Saturday, August 29, 2015

A Hot Jupiter with Friends

WASP-47b is a hot-Jupiter in a close-in 4.16 day orbit around a Sun-like star. It has 337 times the mass and 12.7 times the radius of Earth, making it similar in mass and size to Jupiter. Using data from the K2 mission, Becker et al. (2015) present the discovery of two additional planets in the system. The two planets are identified as WASP-47c and WASP-47d. WASP-47c is a super-Earth with an orbital period of 0.79 days, 1.82 times the radius of Earth and is estimated to have less than 8.9 times the mass of Earth. WASP-47d is a Neptune-sized planet with an orbital period of 9.03 days, 3.60 times the Earth’s radius and is estimated to have 8.5 times the Earth’s mass.

With a super-Earth interior to it and a Neptune-sized planet exterior to it, WASP-47d is the first known hot-Jupiter with close-in planetary companions. The orbits of the two planetary companions are coplanar with WASP-47b, and all three planets have almost perfectly circular orbits. WASP-47b and its two close-in companion planets form an extremely compact planetary system. The orbits of all three planets fit well within Mercury’s orbit around the Sun. Nevertheless, calculations indicate that the planetary system is dynamically stable in the long run.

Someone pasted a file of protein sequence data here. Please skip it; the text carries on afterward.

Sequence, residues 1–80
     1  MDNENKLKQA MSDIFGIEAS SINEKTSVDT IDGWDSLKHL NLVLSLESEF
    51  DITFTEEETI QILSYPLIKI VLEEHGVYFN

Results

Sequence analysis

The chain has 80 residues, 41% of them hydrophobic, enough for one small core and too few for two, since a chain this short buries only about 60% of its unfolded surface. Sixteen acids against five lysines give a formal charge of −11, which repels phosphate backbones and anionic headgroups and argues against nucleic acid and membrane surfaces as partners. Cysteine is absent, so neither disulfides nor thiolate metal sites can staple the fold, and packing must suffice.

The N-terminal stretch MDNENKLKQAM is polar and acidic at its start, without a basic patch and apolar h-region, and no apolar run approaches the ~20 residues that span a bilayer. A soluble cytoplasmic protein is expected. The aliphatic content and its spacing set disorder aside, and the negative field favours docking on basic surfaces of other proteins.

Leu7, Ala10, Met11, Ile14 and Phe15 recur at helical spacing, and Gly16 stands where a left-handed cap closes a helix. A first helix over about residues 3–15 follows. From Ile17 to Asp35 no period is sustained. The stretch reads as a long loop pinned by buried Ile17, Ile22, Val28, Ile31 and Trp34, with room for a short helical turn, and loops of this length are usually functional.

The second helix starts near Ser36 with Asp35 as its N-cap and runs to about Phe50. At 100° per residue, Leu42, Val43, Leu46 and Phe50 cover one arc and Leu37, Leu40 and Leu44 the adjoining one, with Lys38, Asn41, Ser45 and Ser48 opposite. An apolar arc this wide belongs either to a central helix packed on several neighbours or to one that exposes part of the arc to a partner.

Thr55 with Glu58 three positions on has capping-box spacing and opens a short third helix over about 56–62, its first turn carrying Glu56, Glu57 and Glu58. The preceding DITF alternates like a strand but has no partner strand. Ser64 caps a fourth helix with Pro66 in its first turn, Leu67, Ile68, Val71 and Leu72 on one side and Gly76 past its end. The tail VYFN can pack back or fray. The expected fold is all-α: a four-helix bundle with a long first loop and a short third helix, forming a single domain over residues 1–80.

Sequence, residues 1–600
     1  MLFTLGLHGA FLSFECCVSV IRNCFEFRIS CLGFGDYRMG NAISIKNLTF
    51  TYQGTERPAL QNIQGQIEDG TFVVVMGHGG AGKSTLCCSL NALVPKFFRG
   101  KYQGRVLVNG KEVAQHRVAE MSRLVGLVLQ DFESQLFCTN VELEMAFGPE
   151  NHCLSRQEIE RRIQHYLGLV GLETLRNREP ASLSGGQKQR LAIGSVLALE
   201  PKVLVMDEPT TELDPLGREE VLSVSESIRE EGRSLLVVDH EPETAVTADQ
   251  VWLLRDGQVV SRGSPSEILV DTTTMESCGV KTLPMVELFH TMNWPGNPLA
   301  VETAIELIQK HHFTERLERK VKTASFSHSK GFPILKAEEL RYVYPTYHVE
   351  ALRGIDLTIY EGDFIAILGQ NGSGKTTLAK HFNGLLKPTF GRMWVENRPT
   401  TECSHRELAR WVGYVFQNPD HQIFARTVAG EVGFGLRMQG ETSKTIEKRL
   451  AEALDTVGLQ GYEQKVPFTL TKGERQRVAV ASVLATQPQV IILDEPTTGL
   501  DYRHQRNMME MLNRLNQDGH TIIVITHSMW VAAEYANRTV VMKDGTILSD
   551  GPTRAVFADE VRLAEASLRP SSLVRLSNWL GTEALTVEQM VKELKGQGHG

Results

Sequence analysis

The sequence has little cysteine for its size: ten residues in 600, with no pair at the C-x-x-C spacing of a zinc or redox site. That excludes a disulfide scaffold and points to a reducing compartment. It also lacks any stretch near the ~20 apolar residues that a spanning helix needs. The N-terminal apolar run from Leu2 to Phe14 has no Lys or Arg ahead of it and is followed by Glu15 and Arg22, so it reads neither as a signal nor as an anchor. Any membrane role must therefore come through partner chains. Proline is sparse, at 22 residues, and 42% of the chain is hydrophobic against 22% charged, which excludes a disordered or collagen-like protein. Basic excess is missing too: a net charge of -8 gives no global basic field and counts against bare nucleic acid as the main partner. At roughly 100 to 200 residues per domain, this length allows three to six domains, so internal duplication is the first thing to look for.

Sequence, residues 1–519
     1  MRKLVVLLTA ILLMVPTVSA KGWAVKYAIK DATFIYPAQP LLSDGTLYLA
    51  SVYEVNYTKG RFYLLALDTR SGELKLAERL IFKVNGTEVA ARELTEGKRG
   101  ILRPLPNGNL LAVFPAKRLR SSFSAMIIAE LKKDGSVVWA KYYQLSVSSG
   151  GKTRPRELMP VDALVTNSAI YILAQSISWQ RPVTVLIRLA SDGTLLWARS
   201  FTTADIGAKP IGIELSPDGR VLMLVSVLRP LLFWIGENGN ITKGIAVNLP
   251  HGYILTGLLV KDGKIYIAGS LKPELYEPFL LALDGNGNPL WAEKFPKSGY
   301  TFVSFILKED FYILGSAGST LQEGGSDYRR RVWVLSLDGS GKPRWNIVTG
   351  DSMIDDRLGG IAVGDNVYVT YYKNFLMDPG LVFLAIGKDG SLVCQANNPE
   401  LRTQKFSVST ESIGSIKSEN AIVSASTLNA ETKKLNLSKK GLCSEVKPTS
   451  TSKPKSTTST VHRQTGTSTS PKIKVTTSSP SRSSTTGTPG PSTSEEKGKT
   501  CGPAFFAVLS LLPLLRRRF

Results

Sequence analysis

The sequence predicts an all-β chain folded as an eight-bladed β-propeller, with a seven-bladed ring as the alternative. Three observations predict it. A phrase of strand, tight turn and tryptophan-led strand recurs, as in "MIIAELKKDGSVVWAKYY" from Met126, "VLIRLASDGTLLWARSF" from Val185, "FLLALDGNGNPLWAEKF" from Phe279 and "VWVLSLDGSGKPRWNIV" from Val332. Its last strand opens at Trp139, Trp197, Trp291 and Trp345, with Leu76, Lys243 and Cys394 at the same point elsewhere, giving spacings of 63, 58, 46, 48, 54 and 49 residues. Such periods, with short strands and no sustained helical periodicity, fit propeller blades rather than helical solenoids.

Phase-folded K2 transit light curves of WASP-47b, c and d overlaid with the best-fit transit models (red curves), and binned points (purple circles). Becker et al. (2015)

Hot-Jupiters are basically Jupiter-sized planets that formed further out and subsequently migrated closer in to their host stars. There appears to be a lack of hot-Jupiters with close-in planetary companions. This supports the idea that hot-Jupiters form via the high eccentricity migration (HEM) process. Such a process would destabilise the orbits of other planets in the system, resulting in the lack of close-in planetary companions to hot-Jupiters. However, studies have also shown that not all hot-Jupiters form via the HEM process and these hot-Jupiters can have close-in planetary companions. WASP-47b and its close-in planetary companions demonstrate that Jupiter-sized planets can migrate toward their host stars in a dynamically stable manner.

Becker et al. (2015), “WASP-47: A Hot Jupiter System with Two Additional Planets Discovered by K2”, arXiv:1508.02411 [astro-ph.EP]